The cry of "man overboard" was the climax of a dramatic first day of the Louis Vuitton Challenger Series final in Bermuda, with Emirates Team New Zealand taking a 2-1 lead in the best of nine series.
The victor of this series moves on to face two-time defending champion Oracle Team USA in the 35th America's Cup match starting next Saturday.
Burling said such mishaps were "part of it", adding: "I felt like even if he (Outteridge) didn't fall off we would have got that gate (course marker) off him".
"That was a tough race and to come back from 3-1 down - the boys really dug deep". "Before Nath went off, it was shaping up to be a really close top mark, where we'd kind of battled our way back in".
But its very hard to gybe in these boats when youre going over 40 knots, so full credit to the guys to recover from that. And were going to be ready to go tomorrow..
"I was just looking for something to grab onto", said Outteridge, an Australian who has won Olympic gold and silver medals.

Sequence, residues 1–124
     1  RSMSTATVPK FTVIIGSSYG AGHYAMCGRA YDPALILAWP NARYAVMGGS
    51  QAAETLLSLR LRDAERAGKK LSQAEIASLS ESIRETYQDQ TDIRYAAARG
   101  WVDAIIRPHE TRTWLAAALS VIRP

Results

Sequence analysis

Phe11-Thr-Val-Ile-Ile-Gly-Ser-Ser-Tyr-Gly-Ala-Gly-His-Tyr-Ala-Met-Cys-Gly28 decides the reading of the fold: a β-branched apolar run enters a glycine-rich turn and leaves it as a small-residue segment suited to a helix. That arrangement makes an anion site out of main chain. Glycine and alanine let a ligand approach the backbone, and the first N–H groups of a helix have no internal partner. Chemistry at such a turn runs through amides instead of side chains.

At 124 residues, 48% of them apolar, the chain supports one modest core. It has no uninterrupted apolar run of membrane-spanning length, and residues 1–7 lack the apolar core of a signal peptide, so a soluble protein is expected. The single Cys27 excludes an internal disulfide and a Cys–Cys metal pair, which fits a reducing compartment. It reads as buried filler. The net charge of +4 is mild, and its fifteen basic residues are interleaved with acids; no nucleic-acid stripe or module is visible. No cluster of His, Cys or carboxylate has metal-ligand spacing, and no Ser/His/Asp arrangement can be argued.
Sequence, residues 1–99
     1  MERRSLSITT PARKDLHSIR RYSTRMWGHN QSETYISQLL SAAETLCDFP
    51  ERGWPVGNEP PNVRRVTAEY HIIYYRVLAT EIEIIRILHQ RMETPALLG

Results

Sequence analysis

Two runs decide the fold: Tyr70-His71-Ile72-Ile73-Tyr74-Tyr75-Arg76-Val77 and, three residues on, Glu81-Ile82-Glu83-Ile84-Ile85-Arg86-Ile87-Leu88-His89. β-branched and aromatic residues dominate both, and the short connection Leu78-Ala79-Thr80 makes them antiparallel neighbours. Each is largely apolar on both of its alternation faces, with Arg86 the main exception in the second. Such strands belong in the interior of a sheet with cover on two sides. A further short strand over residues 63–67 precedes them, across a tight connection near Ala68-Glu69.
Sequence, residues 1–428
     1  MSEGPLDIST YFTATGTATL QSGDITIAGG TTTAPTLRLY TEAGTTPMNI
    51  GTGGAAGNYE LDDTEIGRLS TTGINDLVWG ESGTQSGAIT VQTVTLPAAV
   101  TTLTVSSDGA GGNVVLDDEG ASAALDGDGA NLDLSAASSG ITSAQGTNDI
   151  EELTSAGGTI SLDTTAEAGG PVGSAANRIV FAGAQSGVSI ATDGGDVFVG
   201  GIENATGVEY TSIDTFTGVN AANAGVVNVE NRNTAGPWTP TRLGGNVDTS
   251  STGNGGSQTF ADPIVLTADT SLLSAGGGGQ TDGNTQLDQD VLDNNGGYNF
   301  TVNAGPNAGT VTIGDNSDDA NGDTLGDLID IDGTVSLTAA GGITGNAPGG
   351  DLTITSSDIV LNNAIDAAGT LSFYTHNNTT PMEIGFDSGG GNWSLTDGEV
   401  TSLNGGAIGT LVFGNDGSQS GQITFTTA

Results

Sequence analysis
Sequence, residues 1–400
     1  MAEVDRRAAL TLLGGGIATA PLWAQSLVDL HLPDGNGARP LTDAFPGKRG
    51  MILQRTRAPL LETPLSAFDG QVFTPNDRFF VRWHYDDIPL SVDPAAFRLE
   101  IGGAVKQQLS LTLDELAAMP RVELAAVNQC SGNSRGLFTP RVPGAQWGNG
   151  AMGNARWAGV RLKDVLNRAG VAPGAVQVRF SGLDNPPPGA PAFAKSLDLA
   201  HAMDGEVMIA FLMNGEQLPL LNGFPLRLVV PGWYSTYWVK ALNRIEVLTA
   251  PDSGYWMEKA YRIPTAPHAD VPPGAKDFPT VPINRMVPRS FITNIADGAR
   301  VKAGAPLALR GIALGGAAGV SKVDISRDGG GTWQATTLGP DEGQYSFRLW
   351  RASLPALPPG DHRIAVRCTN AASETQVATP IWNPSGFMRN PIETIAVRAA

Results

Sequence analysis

"The racing yesterday was super tight and today was no exception as well". I tried to grab some net or a bit of the boat and just missed everything and ended up in the water. "If we can keep pushing the boat to its limit there's going to be some incredible racing".
Land Rover BAR managed to get away from New Zealand again and this time maintain their lead in the second race, matching their opponents for speed and managing to shake off the stability gremlins which have dogged them previously.
In this photo provided by the America's Cup Event Authority, SoftBank Team Japan and SwedenþÄôs Artemis Racing compete during America's Cup challenger semifinals on the Great Sound in Bermuda on Thursday, June 8, 2017.
Barker said although no evidence of damage was detected, the time spent assessing the wings had disrupted the vital period usually spent gauging the conditions just before the race. On Friday, Team Japan had the early lead but Outteridge outmaneuvered Dean Barker to take the lead after a bad tack by Team Japan on the third leg.
Sofuku continued, echoing Barker as he reflected on the achievements of the young Japanese challenge drawing upon his 20+ years of experience as Japan's leading America's Cup sailor.